You couldn't see him, but sure as taxes United States President Barack Obama arrived in Canberra late yesterday, touching down 10 minutes early in a city that American security rules.
We knew from past presidential visits what to expect, and the men in dark glasses and their ubiquitous black SUVs did not disappoint us.
For days local cops, counter-terrorism teams, as many as 200 US Secret Service agents, soldiers, airmen and assorted other arcane specialists have been scouring Obama's routes and stopping points.
Sniffer dogs have joined in as security units prised the lids off drains, peered under culverts and into pipes, and checked every possible vantage point. Air Force jets, helicopters and ground forces have been training under the eyes of presidential guards who, alone among the protectors of visiting leaders, are carrying loaded weapons into Parliament House.
The National Press Club has become a media centre for the White House press corps and a fleet of cargo planes ferried in limousines, SUVs, vans and specialist vehicles that can, among other tasks, sniff out nuclear, chemical and biological threats.
Yesterday morning it all came together: commuters anxiously read the Canberra Times and listened to local radio to learn how they could dodge road closures and detours that blocked access to entire parts of the city as Obama's cavalcade arrived.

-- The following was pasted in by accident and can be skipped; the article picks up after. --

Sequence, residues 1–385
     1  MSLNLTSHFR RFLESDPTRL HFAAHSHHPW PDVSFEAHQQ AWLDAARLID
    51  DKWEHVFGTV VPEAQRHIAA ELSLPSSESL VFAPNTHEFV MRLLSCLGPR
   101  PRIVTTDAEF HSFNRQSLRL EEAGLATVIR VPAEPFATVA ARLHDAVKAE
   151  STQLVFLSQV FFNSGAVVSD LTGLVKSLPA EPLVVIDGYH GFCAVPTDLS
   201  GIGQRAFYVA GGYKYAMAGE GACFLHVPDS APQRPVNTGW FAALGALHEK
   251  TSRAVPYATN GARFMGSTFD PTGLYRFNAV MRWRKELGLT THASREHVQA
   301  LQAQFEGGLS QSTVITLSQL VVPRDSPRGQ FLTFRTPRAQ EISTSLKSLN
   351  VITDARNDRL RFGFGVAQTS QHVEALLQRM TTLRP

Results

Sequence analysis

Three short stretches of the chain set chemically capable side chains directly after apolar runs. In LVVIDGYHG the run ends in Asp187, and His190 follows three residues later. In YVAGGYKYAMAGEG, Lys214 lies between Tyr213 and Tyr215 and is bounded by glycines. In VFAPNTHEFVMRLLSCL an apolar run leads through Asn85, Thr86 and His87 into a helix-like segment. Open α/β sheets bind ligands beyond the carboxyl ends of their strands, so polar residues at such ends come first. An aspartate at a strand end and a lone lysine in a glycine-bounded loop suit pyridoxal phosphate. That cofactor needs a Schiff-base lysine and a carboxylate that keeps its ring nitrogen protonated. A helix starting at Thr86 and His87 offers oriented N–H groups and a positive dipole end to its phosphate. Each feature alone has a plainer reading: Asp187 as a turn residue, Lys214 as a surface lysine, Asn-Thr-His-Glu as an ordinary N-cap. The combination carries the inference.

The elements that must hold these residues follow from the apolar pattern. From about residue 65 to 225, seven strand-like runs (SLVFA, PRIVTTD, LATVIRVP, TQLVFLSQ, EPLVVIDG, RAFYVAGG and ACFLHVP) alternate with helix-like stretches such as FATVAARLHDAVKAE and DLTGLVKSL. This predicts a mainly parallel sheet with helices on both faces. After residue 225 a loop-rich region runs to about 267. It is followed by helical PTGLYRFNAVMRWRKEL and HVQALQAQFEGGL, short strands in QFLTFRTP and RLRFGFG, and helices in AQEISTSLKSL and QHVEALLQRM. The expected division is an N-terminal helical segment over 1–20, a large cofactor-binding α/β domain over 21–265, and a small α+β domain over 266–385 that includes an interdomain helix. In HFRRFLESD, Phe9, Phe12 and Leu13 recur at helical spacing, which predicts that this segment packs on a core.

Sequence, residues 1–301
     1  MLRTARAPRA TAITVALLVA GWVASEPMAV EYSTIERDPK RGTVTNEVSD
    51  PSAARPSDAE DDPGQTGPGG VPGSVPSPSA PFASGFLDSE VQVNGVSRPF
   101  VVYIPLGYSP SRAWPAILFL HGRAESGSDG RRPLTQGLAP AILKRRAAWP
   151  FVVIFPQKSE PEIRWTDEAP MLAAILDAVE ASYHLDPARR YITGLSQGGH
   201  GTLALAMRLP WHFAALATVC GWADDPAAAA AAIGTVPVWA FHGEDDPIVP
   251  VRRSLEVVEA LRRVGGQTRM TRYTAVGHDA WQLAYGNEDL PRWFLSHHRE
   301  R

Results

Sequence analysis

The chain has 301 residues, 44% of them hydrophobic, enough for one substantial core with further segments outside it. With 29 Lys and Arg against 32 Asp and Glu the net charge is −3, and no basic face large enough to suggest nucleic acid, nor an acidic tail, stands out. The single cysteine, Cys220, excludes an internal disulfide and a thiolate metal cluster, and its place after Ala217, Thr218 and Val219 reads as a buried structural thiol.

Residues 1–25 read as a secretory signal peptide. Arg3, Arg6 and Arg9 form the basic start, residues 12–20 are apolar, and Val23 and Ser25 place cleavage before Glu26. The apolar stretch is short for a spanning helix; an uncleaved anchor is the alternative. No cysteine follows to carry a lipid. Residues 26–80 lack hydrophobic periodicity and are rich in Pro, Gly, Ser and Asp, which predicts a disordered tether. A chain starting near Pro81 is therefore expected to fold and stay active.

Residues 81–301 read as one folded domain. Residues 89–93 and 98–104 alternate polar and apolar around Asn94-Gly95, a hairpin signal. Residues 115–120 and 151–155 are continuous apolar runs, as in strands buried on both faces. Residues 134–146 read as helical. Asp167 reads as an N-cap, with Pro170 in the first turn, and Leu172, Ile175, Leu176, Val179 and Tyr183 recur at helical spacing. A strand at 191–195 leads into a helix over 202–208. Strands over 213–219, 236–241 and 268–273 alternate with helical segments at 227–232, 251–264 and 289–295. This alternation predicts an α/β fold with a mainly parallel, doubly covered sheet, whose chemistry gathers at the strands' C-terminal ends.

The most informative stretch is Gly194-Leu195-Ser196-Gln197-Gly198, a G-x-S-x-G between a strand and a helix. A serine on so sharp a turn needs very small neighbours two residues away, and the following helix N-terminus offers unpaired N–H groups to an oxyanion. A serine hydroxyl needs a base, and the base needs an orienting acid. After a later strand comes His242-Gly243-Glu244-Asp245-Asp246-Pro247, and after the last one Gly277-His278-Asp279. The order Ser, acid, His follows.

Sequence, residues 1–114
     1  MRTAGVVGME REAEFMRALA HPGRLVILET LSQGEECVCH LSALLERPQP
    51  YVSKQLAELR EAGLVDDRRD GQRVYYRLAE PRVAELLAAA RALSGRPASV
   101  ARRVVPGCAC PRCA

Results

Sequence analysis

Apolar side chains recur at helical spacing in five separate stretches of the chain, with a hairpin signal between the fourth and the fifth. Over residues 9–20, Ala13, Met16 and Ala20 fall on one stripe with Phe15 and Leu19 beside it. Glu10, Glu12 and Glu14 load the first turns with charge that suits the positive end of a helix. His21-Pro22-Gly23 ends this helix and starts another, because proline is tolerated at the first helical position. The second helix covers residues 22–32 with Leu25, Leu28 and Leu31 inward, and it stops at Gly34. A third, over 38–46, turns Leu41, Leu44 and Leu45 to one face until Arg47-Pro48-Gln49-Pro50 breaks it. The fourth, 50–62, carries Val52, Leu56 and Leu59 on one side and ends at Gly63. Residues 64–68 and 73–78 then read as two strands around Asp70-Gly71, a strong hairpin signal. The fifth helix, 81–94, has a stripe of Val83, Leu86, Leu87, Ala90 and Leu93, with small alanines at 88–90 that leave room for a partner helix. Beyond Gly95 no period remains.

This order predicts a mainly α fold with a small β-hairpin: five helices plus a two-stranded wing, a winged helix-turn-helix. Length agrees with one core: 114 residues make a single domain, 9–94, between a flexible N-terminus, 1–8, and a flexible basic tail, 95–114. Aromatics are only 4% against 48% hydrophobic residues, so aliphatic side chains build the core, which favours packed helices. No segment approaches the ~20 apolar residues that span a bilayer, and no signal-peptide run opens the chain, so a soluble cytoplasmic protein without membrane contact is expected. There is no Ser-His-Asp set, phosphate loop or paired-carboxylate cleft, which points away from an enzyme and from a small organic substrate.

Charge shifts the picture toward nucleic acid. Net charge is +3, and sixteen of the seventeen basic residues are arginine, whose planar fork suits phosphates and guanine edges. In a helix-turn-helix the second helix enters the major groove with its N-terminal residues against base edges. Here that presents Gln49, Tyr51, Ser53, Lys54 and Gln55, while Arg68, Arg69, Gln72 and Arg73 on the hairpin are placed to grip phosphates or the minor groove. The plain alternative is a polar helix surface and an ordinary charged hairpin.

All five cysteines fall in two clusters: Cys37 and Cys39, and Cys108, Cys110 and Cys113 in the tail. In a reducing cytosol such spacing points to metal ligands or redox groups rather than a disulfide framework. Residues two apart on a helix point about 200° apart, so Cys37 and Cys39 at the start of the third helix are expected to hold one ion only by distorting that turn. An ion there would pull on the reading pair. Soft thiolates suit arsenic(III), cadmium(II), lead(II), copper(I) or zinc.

Parliament was locked down for the duration, and will be again today for Obama's speech to MPs and Senators, although small clutches of protesters gathered behind barricades on the lawns in front of the main entrance promoting a variety of causes.
Homeless people were being moved away from Darwin's city centre in preparation for Obama's visit there today. The traditional land owners have been asked to encourage the homeless to leave places on Obama's programme. Local Aboriginal leader Ilana Eldridge told AAP the "gentle suggestion" has come from the Northern Territory Government.
In Canberra, the stars and stripes fluttered beside the Australian flag on a plethora of poles, and red, white and blue lights coloured road tunnels.
We couldn't see them, but we were reliably informed snipers were posted everywhere necessary, and RAAF F/A-18 Hornets patrolled above the clouds.
And then Barack's armoured Cadillac, nicknamed "The Beast", with its smoked windows and array of weaponry including grenade launchers, pulled up beside the President and Governor-General Quentin Price, dressed top-to-toe in canary yellow. A cavalcade of more than 20 vehicles bearing the invisible President whipped down empty roads to Parliament House, where finally Obama appeared in public - albeit from afar - for his official welcome and 21-gun salute.